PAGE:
Frequently during evolution, new phenotypes evolved due to novelty in gene regulation, such as that caused by genome rewiring. This has been demonstrated by comparing common regulatory sequences among species and by identifying single regulatory mutations that are associated with new phenotypes. However, while a single mutation changes a single element, gene regulation is accomplished by a regulatory network involving multiple interactive elements. Therefore, to better understand regulatory evolution, we have studied how mutations contributed to the adaptation of cells to a regulatory challenge. We created a synthetic genome rewiring in yeast cells, challenged their gene regulation, and studied their adaptation. HIS3, an essential enzyme for histidine biosynthesis, was placed exclusively under a GAL promoter, which is induced by galactose and strongly repressed in glucose. Such rewired cells were faced with significant regulatory challenges in a repressive glucose medium. We identified several independent mutations in elements of the GAL system associated with the rapid adaptation of cells, such as the repressor GAL80 and the binding sites of the activator GAL4. Consistent with the extraordinarily high rate of cell adaptation, new regulation emerged during adaptation via multiple trajectories, including those involving mutations in elements of the GAL system. The new regulation of HIS3 tuned its expression according to histidine requirements with or without these significant mutations, indicating that additional factors participated in this regulation and that the regulatory network could reorganize in multiple ways to accommodate different mutations. This study, therefore, stresses network plasticity as an important property for regulatory adaptation and evolution.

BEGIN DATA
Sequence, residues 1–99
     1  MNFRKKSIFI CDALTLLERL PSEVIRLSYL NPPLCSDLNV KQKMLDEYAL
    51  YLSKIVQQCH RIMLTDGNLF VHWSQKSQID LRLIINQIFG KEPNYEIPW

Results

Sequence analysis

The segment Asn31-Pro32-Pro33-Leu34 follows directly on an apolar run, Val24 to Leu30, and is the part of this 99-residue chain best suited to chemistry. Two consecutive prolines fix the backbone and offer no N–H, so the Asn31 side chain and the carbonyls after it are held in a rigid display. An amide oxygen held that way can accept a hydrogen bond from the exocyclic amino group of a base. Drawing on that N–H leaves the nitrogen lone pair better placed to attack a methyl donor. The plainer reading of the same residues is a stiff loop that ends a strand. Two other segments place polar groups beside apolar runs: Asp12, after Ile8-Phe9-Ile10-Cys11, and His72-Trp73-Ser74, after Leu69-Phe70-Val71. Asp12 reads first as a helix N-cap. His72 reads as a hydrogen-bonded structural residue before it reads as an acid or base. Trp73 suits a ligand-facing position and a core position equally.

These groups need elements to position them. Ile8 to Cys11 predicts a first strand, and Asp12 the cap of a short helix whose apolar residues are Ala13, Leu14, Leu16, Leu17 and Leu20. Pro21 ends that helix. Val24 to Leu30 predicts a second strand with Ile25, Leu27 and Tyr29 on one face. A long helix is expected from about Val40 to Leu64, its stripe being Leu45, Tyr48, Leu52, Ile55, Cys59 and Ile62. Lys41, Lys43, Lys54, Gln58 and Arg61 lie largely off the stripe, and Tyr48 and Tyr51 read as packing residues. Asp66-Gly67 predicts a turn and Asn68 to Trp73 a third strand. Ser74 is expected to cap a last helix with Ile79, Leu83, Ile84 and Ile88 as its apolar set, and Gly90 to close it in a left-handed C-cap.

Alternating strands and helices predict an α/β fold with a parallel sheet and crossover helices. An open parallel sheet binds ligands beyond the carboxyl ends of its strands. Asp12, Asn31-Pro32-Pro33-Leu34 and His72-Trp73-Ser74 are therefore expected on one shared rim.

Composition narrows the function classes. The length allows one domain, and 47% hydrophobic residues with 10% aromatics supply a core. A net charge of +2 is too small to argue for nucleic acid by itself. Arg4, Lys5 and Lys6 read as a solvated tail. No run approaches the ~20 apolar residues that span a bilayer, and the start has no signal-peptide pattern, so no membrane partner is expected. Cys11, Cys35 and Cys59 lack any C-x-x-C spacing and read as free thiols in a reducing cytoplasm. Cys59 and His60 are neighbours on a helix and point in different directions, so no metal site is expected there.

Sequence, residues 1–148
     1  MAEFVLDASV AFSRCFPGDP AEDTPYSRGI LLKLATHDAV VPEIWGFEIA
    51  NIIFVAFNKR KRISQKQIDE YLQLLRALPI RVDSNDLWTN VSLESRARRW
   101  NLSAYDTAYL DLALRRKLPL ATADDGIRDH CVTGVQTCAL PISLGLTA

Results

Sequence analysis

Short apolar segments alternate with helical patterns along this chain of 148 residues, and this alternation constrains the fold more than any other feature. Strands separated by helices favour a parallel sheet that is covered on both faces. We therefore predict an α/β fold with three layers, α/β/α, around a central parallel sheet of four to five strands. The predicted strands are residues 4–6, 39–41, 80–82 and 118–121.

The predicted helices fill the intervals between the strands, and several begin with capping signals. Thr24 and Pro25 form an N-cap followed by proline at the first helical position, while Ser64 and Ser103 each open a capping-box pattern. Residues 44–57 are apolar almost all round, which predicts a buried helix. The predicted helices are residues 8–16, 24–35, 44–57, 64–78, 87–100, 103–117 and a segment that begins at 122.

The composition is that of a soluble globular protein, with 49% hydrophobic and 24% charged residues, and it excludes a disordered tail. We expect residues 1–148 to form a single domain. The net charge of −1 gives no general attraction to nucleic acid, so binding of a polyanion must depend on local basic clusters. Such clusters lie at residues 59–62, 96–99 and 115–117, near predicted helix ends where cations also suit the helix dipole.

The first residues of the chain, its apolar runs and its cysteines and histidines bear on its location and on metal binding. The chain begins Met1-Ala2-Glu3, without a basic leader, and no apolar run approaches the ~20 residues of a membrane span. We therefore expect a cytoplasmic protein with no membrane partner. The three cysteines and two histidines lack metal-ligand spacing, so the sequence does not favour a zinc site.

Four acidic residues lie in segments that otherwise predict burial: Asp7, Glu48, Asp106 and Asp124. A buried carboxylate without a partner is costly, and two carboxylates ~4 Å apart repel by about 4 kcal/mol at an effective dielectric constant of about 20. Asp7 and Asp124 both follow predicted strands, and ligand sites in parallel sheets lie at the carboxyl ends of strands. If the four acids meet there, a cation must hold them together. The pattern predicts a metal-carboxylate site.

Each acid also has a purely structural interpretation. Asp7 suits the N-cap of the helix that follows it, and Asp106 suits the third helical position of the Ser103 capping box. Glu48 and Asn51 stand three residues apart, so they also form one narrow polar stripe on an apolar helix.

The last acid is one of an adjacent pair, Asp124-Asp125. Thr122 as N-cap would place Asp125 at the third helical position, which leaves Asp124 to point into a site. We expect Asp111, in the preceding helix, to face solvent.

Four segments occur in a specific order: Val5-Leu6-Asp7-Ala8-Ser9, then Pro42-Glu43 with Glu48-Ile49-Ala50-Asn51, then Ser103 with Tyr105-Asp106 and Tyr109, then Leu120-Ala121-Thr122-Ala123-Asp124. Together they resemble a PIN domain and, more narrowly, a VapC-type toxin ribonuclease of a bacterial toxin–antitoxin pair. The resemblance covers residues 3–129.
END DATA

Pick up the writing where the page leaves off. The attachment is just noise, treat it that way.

Most genes in bacteria are experimentally uncharacterized and cannot be annotated with a specific function. Given the great diversity of bacteria and the ease of genome sequencing, high-throughput approaches to identify gene function experimentally are needed. Here, we use pools of tagged transposon mutants in the metal-reducing bacterium Shewanella oneidensis MR-1 to probe the mutant fitness of 3,355 genes in 121 diverse conditions including different growth substrates, alternative electron acceptors, stresses, and motility. We find that 2,350 genes have a pattern of fitness that is significantly different from random and 1,230 of these genes (37% of our total assayed genes) have enough signal to show strong biological correlations. We find that genes in all functional categories have phenotypes, including hundreds of hypotheticals, and that potentially redundant genes (over 50% amino acid identity to another gene in the genome) are also likely to have distinct phenotypes. Using fitness patterns, we were able to propose specific molecular functions for 40 genes or operons that lacked specific annotations or had incomplete annotations. In one example, we demonstrate that the previously hypothetical gene SO_3749 encodes a functional acetylornithine deacetylase, thus filling a missing step in S. oneidensis metabolism. Additionally, we demonstrate that the orphan histidine kinase SO_2742 and orphan response regulator SO_2648 form a signal transduction pathway that activates expression of acetyl-CoA synthase and is required for S. oneidensis to grow on acetate as a carbon source. Lastly, we demonstrate that gene expression and mutant fitness are poorly correlated and that mutant fitness generates more confident predictions of gene function than does gene expression. The approach described here can be applied generally to create large-scale gene-phenotype maps for evidence-based annotation of gene function in prokaryotes.
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